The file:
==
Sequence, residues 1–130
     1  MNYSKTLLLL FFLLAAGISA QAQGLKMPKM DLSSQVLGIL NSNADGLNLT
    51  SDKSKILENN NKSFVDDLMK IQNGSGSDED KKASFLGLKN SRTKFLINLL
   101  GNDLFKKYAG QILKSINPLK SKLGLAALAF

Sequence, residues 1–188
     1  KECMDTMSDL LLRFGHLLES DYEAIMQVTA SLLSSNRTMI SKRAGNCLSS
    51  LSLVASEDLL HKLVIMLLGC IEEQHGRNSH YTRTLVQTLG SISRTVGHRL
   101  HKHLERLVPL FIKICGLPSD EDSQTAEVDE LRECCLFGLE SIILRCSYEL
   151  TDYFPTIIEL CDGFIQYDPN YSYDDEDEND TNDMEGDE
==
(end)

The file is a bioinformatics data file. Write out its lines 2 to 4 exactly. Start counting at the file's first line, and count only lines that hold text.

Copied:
     1  MNYSKTLLLL FFLLAAGISA QAQGLKMPKM DLSSQVLGIL NSNADGLNLT
    51  SDKSKILENN NKSFVDDLMK IQNGSGSDED KKASFLGLKN SRTKFLINLL
   101  GNDLFKKYAG QILKSINPLK SKLGLAALAF